Fig. 2B shows an overlay of SHAPE-Seq data onto the known three-dimensional crystal structure of RNase P. The SHAPE-Seq reactivity data are remarkably consistent, with highly reactive nucleotides mapping onto positions of high flexibility, especially unpaired nucleotides that are not participating in tertiary contacts (Fig. S3). This demonstrates the power of SHAPE-Seq to infer both secondary and tertiary structural information.

Bar Coding Allows Multiplexed Structure Characterization.

One of the advantages of SHAPE-Seq is the ability to simultaneously determine structural information from many RNAs at once through direct sequencing of 3′ RNA bar codes (Fig. 1). To test this, we added 256 different bar-coded versions of the WT RNase P RNA into the same pool as the un-bar-coded WT RNase P RNA discussed above and carried out the SHAPE-Seq pipeline. The bar codes consisted of all four-nucleotide sequences and were placed in the 3′ structure cassette commonly used in SHAPE experiments (Fig. S1). These were introduced with degenerate primers before in vitro transcription of the RNA pool (see Materials and Methods).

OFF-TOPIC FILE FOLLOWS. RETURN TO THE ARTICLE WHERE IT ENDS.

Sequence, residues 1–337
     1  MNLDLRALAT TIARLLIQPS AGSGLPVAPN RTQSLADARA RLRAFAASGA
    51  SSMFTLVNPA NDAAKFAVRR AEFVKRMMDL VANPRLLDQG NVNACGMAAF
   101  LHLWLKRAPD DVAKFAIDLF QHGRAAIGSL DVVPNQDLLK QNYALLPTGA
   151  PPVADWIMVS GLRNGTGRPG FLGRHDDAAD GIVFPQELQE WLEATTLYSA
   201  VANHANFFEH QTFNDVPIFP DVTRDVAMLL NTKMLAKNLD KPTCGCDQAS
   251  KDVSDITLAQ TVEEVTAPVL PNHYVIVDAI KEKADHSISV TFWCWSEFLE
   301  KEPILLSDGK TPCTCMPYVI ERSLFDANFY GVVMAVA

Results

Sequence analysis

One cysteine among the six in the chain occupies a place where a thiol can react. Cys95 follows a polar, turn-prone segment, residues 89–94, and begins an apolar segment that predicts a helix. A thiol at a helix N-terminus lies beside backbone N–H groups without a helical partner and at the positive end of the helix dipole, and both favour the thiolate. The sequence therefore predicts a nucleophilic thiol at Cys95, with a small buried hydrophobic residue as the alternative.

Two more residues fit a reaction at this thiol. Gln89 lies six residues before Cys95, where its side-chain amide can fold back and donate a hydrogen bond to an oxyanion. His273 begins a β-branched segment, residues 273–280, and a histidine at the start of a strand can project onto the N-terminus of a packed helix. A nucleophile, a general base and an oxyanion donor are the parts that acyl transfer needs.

Over 8.6 million bar-coded reads were mapped. For each bar code, Θ and c were calculated automatically according to the SHAPE-Seq data analysis pipeline (Fig. 1). The total number of sequenced fragments for each bar code was uneven (ranging from 10,488 to 308,978), most likely due to biases in random primer synthesis (Fig. S4). However, this gave us an opportunity to study how many fragments need to be mapped to accurately reconstruct SHAPE reactivity profiles. The distribution of c was tightly peaked around a value of 0.76, which closely matched the WT RNase P SHAPE-Seq data where c = 0.73 (Fig. S5).
The reactivities Θ from the 256 bar-coded molecules were compared to the WT RNase P SHAPE-Seq reactivity profile in two ways. To directly compare SHAPE-Seq reactivity profiles, we computed the Jensen-Shannon (JS) divergence between Θbar code and ΘWT for each bar code (see SI Text). The JS divergence takes into account the reactivity information at every nucleotide and has a value in between 0 and 1. It is a symmetric measure of the similarity between two distributions with identical distributions having JS divergence = 0. As shown in Fig. 2C, the histogram of the JS divergences for each bar code is extremely tightly peaked with an average JS divergence of 0.02. As another measure, we computed Pearson correlation coefficients, R, between the SHAPE-Seq Θ of bar-coded and WT RNase P. The correlation coefficient measures the degree to which the two datasets lie on a line and ranges from -1 for anticorrelated data to 1 for perfectly correlated data. Fig. 2C shows a histogram of R for all bar codes, which again is tightly peaked with an average of 0.99.